We f**ked up recruiting – and this is how we are going to fix it
Reading time: 5 minutes
Like many growing companies, San Francisco Agency has had its own growing pains throughout the years. After a big strategy change in 2019, we decided to spin out all marketing activities to the Bay Area network and solely concentrate on executing comms and earned media strategies and operations for our clients.
This has been a hugely successful decision for our boutique agency. However, with changing strategic goals and team structures, we had neglected one of the key areas of our business: recruiting. We made all the typical mistakes that you can imagine. And more.
- Not enough time resourced internally for recruiting.
- In a constant hurry to hire someone as quickly as possible to work with a growing client base.
- Not having a clear process and structure for our recruiting funnel.
- Crippled by huge FOMO – if we close our recruiting portal, will we lose the best candidates if they didn’t apply during the open application period?
- And the biggest mistake of all: not ensuring that everyone participating in the recruitment process was informed about what was happening and when.
We seriously f**ked up. There are no excuses for it, nor a politically more correct way to describe what happened. We let the poop emoji hit the biggest fan there is. Now it’s time to clean up the mess.
As we highlight our integrity and honesty, and openness to admit our mistakes in our Code of Conduct, we decided to come forth with the troubles we have had. And here is how we are going to fix them.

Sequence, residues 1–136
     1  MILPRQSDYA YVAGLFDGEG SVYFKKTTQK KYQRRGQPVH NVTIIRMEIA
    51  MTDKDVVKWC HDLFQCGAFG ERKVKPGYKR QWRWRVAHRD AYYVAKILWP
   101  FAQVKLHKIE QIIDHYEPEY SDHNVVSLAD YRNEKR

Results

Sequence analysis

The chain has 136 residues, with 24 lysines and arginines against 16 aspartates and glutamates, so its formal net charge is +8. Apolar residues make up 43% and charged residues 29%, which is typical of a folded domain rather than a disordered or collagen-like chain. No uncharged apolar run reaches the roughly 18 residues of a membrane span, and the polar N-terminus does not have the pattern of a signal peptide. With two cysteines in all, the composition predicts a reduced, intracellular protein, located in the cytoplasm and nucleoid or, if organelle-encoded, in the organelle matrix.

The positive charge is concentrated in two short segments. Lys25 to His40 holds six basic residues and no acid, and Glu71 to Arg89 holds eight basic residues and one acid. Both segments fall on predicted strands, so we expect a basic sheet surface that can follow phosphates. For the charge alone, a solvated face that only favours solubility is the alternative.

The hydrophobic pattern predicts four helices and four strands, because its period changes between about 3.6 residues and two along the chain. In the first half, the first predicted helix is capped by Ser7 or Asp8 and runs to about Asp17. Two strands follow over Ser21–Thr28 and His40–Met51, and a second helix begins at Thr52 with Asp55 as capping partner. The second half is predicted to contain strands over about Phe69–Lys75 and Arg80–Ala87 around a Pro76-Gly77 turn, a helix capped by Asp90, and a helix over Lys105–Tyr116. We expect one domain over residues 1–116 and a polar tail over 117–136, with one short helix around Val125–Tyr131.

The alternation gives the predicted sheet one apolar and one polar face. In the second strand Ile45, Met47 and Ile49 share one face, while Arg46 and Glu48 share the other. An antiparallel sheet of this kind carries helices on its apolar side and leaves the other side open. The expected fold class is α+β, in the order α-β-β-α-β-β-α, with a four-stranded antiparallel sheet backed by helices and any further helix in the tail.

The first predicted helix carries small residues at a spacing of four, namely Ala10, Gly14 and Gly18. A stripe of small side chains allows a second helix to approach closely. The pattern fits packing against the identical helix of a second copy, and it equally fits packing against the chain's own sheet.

Open analysis of the current situation
We took a critical look at our current recruitment process and recognized the biggest pain points. This meant putting ourselves into the boots of someone who is looking for a new job and thinking about the process from their perspective. In our case, the biggest pain was the lack of clear structure and communication to the candidates that were not chosen to proceed.
We spoke with the whole team, and especially with one of our newest colleagues, to find out what they thought about the process. We also researched and benchmarked the standards and legal requirements in modern recruitment processes.
Removing unnecessary steps
We also realized that some steps that we felt were good for us were probably stressful and unnecessary actions from the candidates’ point of view. For example, our CEO would give a call to candidates he saw potential in, thinking that we would sell our company to them. In reality, this was seen as an extra interview by the candidate, creating a feeling of a really heavy process with multiple interviews.
Fortunately, we also learned that we were doing a few things right. We came to understand that our current method of not asking for a CV (other than a LinkedIn URL) or grilling candidates with tons of questions in the early application stage is the way to go. Our application can be filled out within minutes and on a mobile device if needed.
Sharing the workload between the team